The show was rolling along fabulously when Randy started up with “It’s Just a Matter of Time”, a song that was popular then and a fave of mine. I smiled as he sang and I sang along. Now, if you are familiar with this song, Randy has to hit some pretty low, low notes and Mr. Travis has a pretty deep voice. When he hit those deep bassy notes, the wall behind me, the one I was leaning against, noticeably vibrated. I’m not making this up, I could physically feel the walls shuddering as Randy sang “Iiiiiii knooooooow” (<--deep vibrating bass) "ooooh-whoa Iiiiii knooooow, that someday you'll wake up and fiiiind…" That deep bass voice vibrated the walls, my backbone and my sternum….it was the most visceral music experience I’d ever known. I swear to God I thought Tingley was going to collapse from the strain, like a crystal wine glass in a storm of operatic vibrato. But she held, and has continued to hold up through the years for more raucous concerts than Randy damn Travis. I mean, Pearl Jam played there in 1998. If Seattle grunge angst rock can’t bring down the walls, then a country crooner certainly can’t. I wonder if Randy can still hit those low notes? I wonder if the walls will rattle like that again this weekend? Would be cool to be there again to see. Meanwhile, the venerable old Tingley still stands and welcomes a new crop of Fair goers into her rickety arms. The bulls and broncs will buck, the pretty girls will race barrels, and the crowd will look at a new cast of popular acts (spinning on a new spinning stage that comes down from the ceiling. Rasquache goes high tech). She’s a grand old girl with a lot of stories to tell and a lot more history yet to be made. Gary Roller, former backup man to Michael Martin Murphey sums it up best (from the end of the Tribune article). “You can’t go anywhere else in the state and find that legacy,” he said. “Roy Rogers opened the place, for goodness’ sake.” (post updated to remove images)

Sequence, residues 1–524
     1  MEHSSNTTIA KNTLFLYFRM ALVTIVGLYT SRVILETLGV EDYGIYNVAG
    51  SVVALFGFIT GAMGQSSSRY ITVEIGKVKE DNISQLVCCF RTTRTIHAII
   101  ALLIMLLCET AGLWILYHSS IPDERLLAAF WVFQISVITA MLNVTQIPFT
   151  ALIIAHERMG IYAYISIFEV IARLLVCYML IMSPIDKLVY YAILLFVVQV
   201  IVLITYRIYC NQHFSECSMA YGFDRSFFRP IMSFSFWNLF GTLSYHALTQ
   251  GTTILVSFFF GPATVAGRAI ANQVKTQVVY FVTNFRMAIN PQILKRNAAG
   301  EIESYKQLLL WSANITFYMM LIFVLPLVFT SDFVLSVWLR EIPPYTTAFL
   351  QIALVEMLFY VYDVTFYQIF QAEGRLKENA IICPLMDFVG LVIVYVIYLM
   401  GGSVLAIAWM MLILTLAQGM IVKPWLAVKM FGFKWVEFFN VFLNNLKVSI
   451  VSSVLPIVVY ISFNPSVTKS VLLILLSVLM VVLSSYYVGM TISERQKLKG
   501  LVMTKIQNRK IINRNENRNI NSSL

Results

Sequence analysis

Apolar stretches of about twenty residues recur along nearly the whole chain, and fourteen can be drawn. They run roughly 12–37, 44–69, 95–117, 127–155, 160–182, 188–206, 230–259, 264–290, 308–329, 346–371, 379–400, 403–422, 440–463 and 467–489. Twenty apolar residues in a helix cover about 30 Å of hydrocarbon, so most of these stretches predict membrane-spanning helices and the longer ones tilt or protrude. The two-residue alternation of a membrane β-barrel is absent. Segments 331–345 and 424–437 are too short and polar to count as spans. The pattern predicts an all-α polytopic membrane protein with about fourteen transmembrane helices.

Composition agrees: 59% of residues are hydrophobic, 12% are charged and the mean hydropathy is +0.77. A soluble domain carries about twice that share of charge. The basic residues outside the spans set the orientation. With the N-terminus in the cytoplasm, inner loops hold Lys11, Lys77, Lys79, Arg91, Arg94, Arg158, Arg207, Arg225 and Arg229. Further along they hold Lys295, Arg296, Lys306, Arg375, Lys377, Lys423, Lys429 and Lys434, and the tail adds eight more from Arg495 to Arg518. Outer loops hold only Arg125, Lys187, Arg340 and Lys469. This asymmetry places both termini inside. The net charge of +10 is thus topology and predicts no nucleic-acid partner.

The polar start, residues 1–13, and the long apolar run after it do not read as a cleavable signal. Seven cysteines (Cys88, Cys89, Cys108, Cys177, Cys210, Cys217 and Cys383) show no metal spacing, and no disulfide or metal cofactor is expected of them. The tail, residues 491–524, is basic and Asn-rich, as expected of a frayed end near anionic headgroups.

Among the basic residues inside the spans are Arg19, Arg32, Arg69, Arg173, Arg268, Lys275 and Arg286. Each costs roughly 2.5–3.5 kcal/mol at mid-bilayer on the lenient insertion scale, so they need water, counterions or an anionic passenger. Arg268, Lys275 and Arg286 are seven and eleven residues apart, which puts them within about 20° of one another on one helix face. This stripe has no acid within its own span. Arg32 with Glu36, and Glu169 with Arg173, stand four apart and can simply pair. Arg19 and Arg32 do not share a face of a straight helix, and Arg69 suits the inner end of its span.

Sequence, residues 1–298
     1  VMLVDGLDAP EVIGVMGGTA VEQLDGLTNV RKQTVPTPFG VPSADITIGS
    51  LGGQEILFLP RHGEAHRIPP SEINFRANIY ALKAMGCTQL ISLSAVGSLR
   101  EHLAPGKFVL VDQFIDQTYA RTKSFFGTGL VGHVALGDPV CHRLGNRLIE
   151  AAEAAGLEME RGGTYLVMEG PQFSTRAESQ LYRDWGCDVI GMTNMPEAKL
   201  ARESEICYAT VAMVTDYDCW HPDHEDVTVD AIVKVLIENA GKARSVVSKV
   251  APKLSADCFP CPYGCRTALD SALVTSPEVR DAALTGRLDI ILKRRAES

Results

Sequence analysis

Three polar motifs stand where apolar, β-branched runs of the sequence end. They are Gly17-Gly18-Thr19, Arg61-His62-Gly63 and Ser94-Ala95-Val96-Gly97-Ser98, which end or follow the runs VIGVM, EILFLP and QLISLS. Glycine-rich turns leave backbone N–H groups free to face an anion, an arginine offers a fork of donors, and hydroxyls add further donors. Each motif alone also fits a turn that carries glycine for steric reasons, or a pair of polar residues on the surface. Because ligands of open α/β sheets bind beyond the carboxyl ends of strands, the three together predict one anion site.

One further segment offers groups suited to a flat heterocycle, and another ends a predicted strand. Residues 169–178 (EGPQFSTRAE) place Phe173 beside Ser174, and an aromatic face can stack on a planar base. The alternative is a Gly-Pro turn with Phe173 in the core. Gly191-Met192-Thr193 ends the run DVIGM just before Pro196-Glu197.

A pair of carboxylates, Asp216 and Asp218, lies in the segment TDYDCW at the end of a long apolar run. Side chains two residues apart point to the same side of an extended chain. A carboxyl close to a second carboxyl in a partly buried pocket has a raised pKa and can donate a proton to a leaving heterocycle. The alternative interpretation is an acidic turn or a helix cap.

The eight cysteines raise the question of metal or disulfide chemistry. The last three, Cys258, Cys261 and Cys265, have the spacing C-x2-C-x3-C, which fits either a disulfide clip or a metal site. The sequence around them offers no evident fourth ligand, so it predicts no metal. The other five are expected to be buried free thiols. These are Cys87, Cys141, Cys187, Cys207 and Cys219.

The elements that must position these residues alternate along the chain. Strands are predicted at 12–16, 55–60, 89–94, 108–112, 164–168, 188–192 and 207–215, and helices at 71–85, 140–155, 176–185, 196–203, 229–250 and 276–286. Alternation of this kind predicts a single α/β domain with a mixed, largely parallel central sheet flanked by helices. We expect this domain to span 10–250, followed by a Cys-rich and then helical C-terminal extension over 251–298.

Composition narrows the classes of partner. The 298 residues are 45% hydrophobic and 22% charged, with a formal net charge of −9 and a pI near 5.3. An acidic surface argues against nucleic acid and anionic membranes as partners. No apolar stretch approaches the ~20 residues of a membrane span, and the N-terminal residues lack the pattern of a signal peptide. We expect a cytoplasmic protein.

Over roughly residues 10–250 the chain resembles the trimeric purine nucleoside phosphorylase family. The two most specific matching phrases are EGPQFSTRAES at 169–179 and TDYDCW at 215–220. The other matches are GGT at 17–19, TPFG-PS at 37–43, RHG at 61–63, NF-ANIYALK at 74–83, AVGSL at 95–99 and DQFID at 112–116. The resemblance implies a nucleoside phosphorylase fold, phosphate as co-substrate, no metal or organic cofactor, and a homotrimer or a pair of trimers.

And then there was one

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Was reading Jim Baca’s blog “Only in New Mexico” yesterday (if you aren’t reading it, you should. Jim rocks).

Jim’s reporting that the eventual is coming to pass: The Albuquerque Tribune is going buh-bye, leaving just the Albuquerque Journal as the source of news for our fair city.

This troubles me, not the least because I know that readership in newspapers is going down. That’s a well documented trend. But what I fear will happen in Albuquerque is what happened in San Francisco. The San Francisco Examiner was, for years, the “second” newspaper, behind the San Francisco Chronicle (that bastion of Phil Bronstein-ness). When the Examiner started struggling, it was clear that the Chronicle would emerge the winner.

The Examiner is now a toothless free paper, and the Chronicle, left to it’s own devices and without competition, has become something just short (in my opinion) of yellow journalism. The articles are woefully biased, censored, and slanted. At least once a week I read a Chronicle article and actually get pissed off.

So goes the way of the Trib and the Journal, I suppose. The Trib has never been the top paper in the city. I know that. I did used to love grabbing the afternoon paper out of our front yard and reading the funnies. Their comics were always far better than the Journal. (I think Jim agrees with me, he says in his post that the Journal should pull over the Trib’s funnies ASAP. Couldn’t agree more!). I also thought the Trib had a lot more heart than the Journal. You could always find a feel good story in there, or something to make you smile.